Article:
Wednesday, July 5, 2017

Home for Harvest

Tim and I have spent the last four weeks on the family farm in Kansas helping with wheat harvest. 

Now I know how the astronauts felt when they were out of communication with Houston while they traveled around the dark side of the moon.  Not that Kansas is the dark side, but lately our lives have been too hectic to blog or participate in social media.  We've been out of touch.

In fact, wheat harvest is a lot like a tsunami.  It picks you up, pulls you under, and spits you out hopefully on shore once it's over.

Emily, Brad, Hanna, Mark, Julia and Matt

But before harvest began, there was a family wedding,

Tim, Cindy, Phyllis, Willard, Becky, Doug and Miles

a family reunion,

Mary, Matthew, Mom and I

and a trip to the zoo with my college friend Mary and her grandson Matthew.

Tim, Derek and Miles

Then it began!  Wheat harvest is a team effort.  It is an intense time when one eye is on the weather and the other on the steering wheel of whatever implement you are driving 

Nephew Miles

be it the combine, 

Nephew Derek
the grain cart, 


the semi trucks,


the tractor, 

Mom and I

the pickup pulling the fertilizer tank necessary to keep the irrigation systems supplied,  (Are these the right levers to turn, Jon?)  

or the ATV for the management to use.

Derek and Chet

Even the farm dog Chet got in on the action.

The goal is to get the wheat cut before a thunderstorm delivers hail that could wipe out the crop.  

We did have a hail storm that straphed a few fields but we were lucky.  The damage was minimal.

In point of fact, this harvest produced better than expected results.  Last fall my dad picked up a fist full of dirt and said he'd never seen it so dry.  It was nothing more than dust.  But this spring timely rains arrived just as the wheat heads were beginning to fill.  Astoundingly, one of our non-irrigated fields which typically produced 35 to 40 bushels, yielded 65 bushels to the acre.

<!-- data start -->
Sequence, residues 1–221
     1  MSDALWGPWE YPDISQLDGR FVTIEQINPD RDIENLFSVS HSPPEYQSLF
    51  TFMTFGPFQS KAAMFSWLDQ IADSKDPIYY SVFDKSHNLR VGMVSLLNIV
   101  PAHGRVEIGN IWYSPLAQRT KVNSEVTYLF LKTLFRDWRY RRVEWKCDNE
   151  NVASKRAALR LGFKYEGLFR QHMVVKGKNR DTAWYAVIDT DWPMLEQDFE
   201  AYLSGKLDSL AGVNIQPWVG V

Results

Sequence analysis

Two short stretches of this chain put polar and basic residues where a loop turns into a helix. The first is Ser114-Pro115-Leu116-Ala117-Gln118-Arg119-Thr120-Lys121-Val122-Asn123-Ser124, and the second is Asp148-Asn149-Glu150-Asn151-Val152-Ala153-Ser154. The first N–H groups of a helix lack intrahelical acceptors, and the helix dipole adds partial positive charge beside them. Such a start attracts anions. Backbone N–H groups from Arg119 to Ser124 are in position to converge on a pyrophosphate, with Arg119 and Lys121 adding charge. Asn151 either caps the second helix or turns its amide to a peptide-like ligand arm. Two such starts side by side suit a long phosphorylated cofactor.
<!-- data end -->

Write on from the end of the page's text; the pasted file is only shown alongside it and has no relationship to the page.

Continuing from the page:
Dad, Derek, Miles and Tim (Jon, not pictured)

On the morning after the hailstorm, a corporate meeting of McClure Farms employees occurred on the back porch.  I wish I could report that stockholders would receive a dividend this year, but that is still to be determined when fall harvest rolls around.


My 86-year-old father has driven the combine for 67 years now.  I don't think we could have kept him out of the cab even if we'd tried.  

Dad at the end of his shift

Miles took the helm whenever dad grew tired but my father still put in an eight-hour day.


Harvest ended last Monday, June 26th, but not knowing when the end would come, Tim and I factored in an extra week's stay.  I needed that time to decompress and set the farmhouse in order, doing tasks that my mother can no longer accomplish.

We left the farm this morning so I have no excuse for setting this blog aside any longer.

Goodbye, Kansas!


  1. It was so good to have you back in the community for a few weeks. I always enjoy your harvest blog, seeing how it's done south of Stafford! You captured some beautiful skies with your camera, too. That's definitely a fringe benefit to the frenetic pace. Safe travels to you and Tim.

    1. I always enjoy seeing you and Randy when we're home. I count you as special friends and appreciate all you do for UMC. As your photography attests, it's hard to beat the wide-open skies of Kansas for cloud-watching and sunsets. Sunrises, too, but I didn't rise in time to see any of those this visit. Maybe when we return in September! We'll see you then.

  2. Family unity on display here is so heart warming. Your Dad is Superman of the wheat harvest which I'm sure he appreciated all the support. Glad you all were able to help and spend time with family. God's blessings as your journey continues!
    Love you both๐Ÿ˜˜๐Ÿ˜˜

    1. Thanks, Yas! There are lots of Kansas families whose members return to help with harvest. We are not exceptional, but it is rewarding to be together and work towards a common goal. Are you back in Virginia now after your road trip? I hope you had happy and safe travels.

  3. Did Tim climb up the silos again, or does he leave that to the younger crowd now Glad you had a successful harvest and family reunion! Safe travels.

    1. Thanks, Terry! Tim didn't scale the silos this year; he was content to offer his advice from below. As you know, he is good at that!